Upon obtaining that information, the deputies in question went to the clerk at the desk of the motel, who was one of the co-owners of the motel, and asked who - - whether she knew who had that truck, and was told that the persons that were riding in that truck were in Room 11.

            They then proceeded to Room 11 where they were admitted by George Carrington, to whom that room was registered. Upon entering into the room, Officer Whitson discovered a crack pipe in plain view. George Carrington admitted that the crack pipe was his. He then told Officer Whitson, upon questioning about the truck, that he had no idea that the truck was stolen; that the Defendant, who was in the room but whose name was unknown to Mr. Carrington, took Mr. Carrington to the bank and to the store in that truck.

            Subsequent to that statement, the Defendant was placed under arrest for possession of a stolen vehicle.

    Defendant asserts that the facts as found by the trial court do not support a finding of probable cause because it was unreasonable for the deputies to rely upon the statement of Mr. Carrington that defendant had been the one driving the truck. We disagree.
    As argued by the State, the defendant has incorrectly characterized Mr. Carrington as an informant subject to more stringent standards of reliability. Instead, Mr. Carrington was a witness cooperating with the deputies' investigation. Our SupremeCourt has “declined to demand of private citizens who are voluntarily assisting the police the same standards of reliability applicable to paid police informants.” State v. Sanders, 327 N.C. 319, 339, 395 S.E.2d 412, 425 (1990).
    Nevertheless, the evidence presented at the hearing supports the reliance by the deputies on Mr. Carrington's statement that the truck, to his knowledge, belonged to defendant. In particular, Mr. Carrington corroborated the hotel clerk's statement that Mr. Carrington had been living at the hotel for several weeks. See State v. Earhart, 134 N.C. App. 130, 134, 516 S.E.2d 883, 886 (1999) (independent police corroboration of facts are important in evaluating the reliability of the information). In addition, Mr. Carrington admitted to the deputies that a crack pipe lying in plain view in the hotel room belonged to him. Such statements against penal interest further support Mr. Carrington's credibility. In State v. Hauser, we held that “[a] statement against penal interest carries its own indicia of credibility sufficient to support a finding of probable cause to search.” 115 N.C. App. 431, 438, 445 S.E.2d 73, 79 (1994), aff'd, 342 N.C. 382, 464 S.E.2d 443 (1995); see also State v. Freeman, 31 N.C. App. 335, 229 S.E.2d 238 (1976) (holding that identification of defendant as a perpetrator by a codefendant in the codefendant's confession is sufficient to establish probable cause).
    We conclude that Mr. Carrington's statement along with the other facts found by the trial court are sufficient to support the conclusion that the deputies had probable cause to believe that thedefendant was in possession of the stolen truck. Furthermore, “[a] search without a search warrant may be made incident to a lawful arrest; the scope of the search being limited to the arrestee's person and the area within his immediate control.” State v. Grady, 73 N.C. App. 452, 454, 326 S.E.2d 126, 128 (1985). Consequently, the search of defendant revealing the key to the stolen truck was lawful and the evidence produced therefrom was admissible.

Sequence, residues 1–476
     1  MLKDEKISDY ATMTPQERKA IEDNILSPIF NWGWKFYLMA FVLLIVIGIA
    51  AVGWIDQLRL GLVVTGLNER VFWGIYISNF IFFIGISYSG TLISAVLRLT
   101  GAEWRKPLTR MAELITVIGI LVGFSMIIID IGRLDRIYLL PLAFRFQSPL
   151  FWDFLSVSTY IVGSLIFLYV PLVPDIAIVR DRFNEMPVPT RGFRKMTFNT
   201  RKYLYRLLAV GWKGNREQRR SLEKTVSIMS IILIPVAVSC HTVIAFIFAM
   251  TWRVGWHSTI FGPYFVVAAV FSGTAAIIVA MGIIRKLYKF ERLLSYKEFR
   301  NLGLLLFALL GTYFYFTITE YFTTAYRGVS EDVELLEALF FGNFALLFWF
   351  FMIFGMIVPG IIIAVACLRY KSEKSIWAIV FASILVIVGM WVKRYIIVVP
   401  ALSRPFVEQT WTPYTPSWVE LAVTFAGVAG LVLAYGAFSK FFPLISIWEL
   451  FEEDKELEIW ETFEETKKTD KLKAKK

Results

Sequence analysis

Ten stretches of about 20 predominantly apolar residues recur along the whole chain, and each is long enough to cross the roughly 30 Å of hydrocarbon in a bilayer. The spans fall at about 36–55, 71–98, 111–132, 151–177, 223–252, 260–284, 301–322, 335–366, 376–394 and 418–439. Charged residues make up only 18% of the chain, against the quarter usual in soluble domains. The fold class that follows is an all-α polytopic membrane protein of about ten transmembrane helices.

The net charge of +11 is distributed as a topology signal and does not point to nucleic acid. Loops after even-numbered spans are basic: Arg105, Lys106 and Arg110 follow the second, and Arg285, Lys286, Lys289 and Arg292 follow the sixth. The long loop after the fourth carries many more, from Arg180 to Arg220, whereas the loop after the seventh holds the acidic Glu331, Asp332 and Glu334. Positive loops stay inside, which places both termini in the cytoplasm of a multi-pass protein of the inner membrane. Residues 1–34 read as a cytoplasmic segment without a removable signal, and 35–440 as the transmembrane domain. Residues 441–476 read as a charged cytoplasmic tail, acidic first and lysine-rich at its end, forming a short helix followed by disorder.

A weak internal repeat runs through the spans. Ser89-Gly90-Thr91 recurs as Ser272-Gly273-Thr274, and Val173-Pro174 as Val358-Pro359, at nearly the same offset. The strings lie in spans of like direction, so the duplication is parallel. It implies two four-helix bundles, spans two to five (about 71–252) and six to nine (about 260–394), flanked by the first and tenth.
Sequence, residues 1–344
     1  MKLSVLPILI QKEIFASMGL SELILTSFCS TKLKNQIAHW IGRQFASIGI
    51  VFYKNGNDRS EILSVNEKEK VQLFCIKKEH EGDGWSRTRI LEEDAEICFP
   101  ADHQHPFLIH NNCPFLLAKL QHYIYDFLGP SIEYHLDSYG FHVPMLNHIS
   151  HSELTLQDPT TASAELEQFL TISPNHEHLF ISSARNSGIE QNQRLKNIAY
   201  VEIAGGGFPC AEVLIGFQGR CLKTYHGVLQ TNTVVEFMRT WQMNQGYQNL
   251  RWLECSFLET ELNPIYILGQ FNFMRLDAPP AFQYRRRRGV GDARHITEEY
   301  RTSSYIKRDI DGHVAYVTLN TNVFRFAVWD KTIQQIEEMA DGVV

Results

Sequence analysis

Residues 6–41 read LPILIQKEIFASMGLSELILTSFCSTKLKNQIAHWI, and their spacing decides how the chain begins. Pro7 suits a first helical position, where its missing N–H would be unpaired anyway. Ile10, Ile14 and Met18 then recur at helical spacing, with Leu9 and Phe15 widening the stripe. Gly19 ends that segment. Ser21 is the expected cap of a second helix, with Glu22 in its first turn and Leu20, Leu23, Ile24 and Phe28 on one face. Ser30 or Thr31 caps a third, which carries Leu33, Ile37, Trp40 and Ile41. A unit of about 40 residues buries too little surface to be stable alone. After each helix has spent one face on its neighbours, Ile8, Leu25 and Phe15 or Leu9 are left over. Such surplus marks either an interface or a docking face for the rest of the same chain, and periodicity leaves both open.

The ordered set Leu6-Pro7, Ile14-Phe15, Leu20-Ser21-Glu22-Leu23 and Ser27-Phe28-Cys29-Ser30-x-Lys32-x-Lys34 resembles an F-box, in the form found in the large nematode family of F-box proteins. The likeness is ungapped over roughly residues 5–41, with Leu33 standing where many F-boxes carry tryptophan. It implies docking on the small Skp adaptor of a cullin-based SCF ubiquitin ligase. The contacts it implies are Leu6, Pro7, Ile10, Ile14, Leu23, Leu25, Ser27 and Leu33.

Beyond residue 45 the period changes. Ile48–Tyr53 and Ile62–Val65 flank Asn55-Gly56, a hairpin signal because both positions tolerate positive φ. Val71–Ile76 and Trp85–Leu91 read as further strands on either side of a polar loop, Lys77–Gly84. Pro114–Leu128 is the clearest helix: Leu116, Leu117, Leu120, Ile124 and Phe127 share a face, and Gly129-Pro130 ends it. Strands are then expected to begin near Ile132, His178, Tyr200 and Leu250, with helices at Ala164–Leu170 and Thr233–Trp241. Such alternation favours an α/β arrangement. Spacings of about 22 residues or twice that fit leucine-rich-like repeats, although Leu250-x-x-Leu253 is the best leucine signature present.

In his second assignment of error, defendant asserts that the trial court committed reversible error in denying his motion to suppress defendant's statement regarding his place of employment because at the time defendant was questioned he had not been advised of his Miranda rights.
    Under Miranda v. Arizona, 384 U.S. 436, 479, 16 L. Ed. 2d 694, 726 (1966), evidence solicited from a defendant during a custodial interrogation may not be used against that defendant at trial unless, prior to such interrogation: (1) the appropriate warnings of the rights to remain silent and to have an attorney present have been given and (2) there is a voluntary and intelligent waiver of those rights. However, our Supreme Court has held that “routine informational questions necessary to complete the booking process that are not 'reasonably likely to elicit an incriminating response' from the accused” were free from Miranda proscriptions. State v. Ladd, 308 N.C. 272, 287, 302 S.E.2d 164, 173 (1983) (quoting Rhode Island v. Innis, 446 U.S. 291, 302, 64 L. Ed. 2d 297, 308 (1980)) (emphasis in original). In addition, “the prior knowledge of the police and the intent of the officer inquestioning the defendant is highly relevant to whether the police should have known a response would be incriminating.” Id.
    In the case sub judice, the deputy asked defendant the name of his employer for the purpose of completing the citation form issued to defendant for the unlawful possession of drug paraphernalia. The deputy testified that he did not ask defendant this question for the purpose of eliciting incriminating information and that the question is one of the several routine questions that he must ask every person that he arrests. Therefore, there is no evidence in the record indicating that the question was asked with any intent to elicit an incriminating response.
    Nevertheless, defendant asserts that because the deputy knew that the truck had been stolen in Hickory, he should have reasonably known that asking defendant for his place of employment, could possibly incriminate him by connecting him to the city of Hickory. In support of his argument, defendant cites this Court's opinion in State v. Locklear, 138 N.C. App. 549, 531 S.E.2d 853 (2000). In Locklear, we concluded that the admission of defendant's date of birth which defendant disclosed during the booking process was reversible error because defendant's age was an essential element of the statutory rape offense with which defendant was charged and because there was no other evidence of defendant's age. Defendant's reliance on this case is misguided.
    Here, not only is the evidence of defendant's connection to the town of Hickory not an “essential element” of the offense of knowingly possessing stolen property, neither is it supportive ofany inference that defendant knew that the truck was stolen. Because the response given by defendant regarding his place of employment was not incriminating, the inquiry did not violate defendant's Miranda rights. This assignment of error is overruled.
    No error.
    Judges CALABRIA and JACKSON concur.
    Report per Rule 30(e).